Cast & Crew
H. B. Warner
The plot is essentially that of the 1923 film, The Green Goddess , q. v.
H. B. Warner
Nigel De Brulier
The Green Goddess
For most of the imports from the stage, all that resulted was extremely stilted acting. Arliss' movies, however, show this was not always the case, especially his first sound film, The Green Goddess (1930). Warner Brothers may have hired him for his elocution; what they got was an actor with forty-four years of experience working an audience with voice and gesture. A strong style, some would even call it hammy, but also quite entertaining.
Arliss had acted in silent versions of Disraeli (1921) and The Green Goddess (1923), both of them from stage plays in which he had starred. To take them to the screen was a bold move for a British actor of his caliber: "We were the actors who appeared before the Best People. Once we stepped down into movies, we should lose prestige and the best people would never again accept us as superior actors." When sound arrived, the Warner Brothers, specifically Harry, went in search of the best and the brightest of the stage to re-create their roles before the Vitaphone camera and microphone. Arliss signed on in 1929 to make talkie versions of the three plays with which he was most often associated, The Green Goddess (1930), Disraeli (1929) and Old English (1930). "My youngest brother shook his head sorrowfully when he heard I was going into the movie-tones. He thought it a great pity that with one stroke of the pen, as it were, I should give up all my high ideals."
So at the age of sixty-one, Arliss arrived in Hollywood to become a movie star. The Green Goddess was the first play to go before the camera. "There was a murder, airplanes, threatening natives, secret wireless, British officers in danger and the lovely lady desired by the wicked Rajah. What more could you ask for?" Director Alfred E. Green, now best known for directing Bette Davis in her Best Actress Oscar performance in Dangerous (1935), was chosen to helm. Alice Joyce, who had played the damsel that attracts the Rajah's eye in the silent version, was brought back to play the same role in the talkie. The studio acceded to some of Arliss' demands, including shooting the movie in sequence to allow him to build his performance. One thing that irked him, however, was the necessity of cutting some of his choice bits. "Unfortunately the scenes that lifted Archer's play above the level of the ordinary melodrama were those that could be most easily cut out without interfering with the action. I think my advisers would admit today that we were a little hasty in cutting the cackle and coming too baldly to the bombs and the airplane."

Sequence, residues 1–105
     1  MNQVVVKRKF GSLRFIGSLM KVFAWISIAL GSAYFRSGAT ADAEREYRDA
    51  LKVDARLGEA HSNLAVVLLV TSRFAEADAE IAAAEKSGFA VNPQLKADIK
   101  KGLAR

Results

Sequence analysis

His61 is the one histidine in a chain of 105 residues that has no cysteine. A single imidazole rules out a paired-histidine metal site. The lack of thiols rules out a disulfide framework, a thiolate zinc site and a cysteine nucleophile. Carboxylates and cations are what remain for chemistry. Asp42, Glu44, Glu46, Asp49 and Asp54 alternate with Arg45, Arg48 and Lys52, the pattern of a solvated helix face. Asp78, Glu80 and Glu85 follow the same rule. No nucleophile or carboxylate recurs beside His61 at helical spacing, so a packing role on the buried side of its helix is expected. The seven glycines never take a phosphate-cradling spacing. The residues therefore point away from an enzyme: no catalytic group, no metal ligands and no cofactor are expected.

By the time The Green Goddess was edited, Arliss had already shot Disraeli and, as both Arliss and the Brothers Warner felt the latter was the more lofty film, it was released first. Nevertheless, Arliss received his Oscar nomination for both movies at the 1929-1930 Academy Awards. The award apparently did not mean very much to him. In his autobiography My Ten Years in the Studios (1940), he fails to mention his Oscar® in the list of awards his film roles received.
Now that Arliss' era has completely passed, it is possible to go back and see his performance in The Green Goddess for what it is, a full-tilt but never boring reveling in a deliciously-written villainous role. Despite an acting style from another century, or perhaps because of it, Arliss overcomes the limitations of a filmed stage play made during the early talkie era to show how potent old-fashioned theatrical star power can be.
Director: Alfred E. Green
Screenplay: Julien Josephson, based on the play by William Archer
Cinematography: James Van Trees
Musical director: Louis Silvers
Editing: James Gibbon
Cast: George Arliss (The Rajah of Rukh), Ralph Forbes (Dr. Basil Traherne), H.B. Warner (Major Crespin), Alice Joyce (Lucilla Crespin), Ivan F. Simpson (Watkins), Reggy Sheffield (Lt. Cardew).
by Brian Cady
The Green Goddess
Filmed in 1929 and completed before Disraeli (1929), but was held out of release until later at Arliss' request, because he felt the other film was a better vehicle for his talkie debut.
AMPAS sources note that when George Arliss was nominated for a Best Actor Academy Award in 1930, his performances in both this film and Disraeli were under consideration. At the awards ceremony, however, only his Disraeli performance was acknowledged.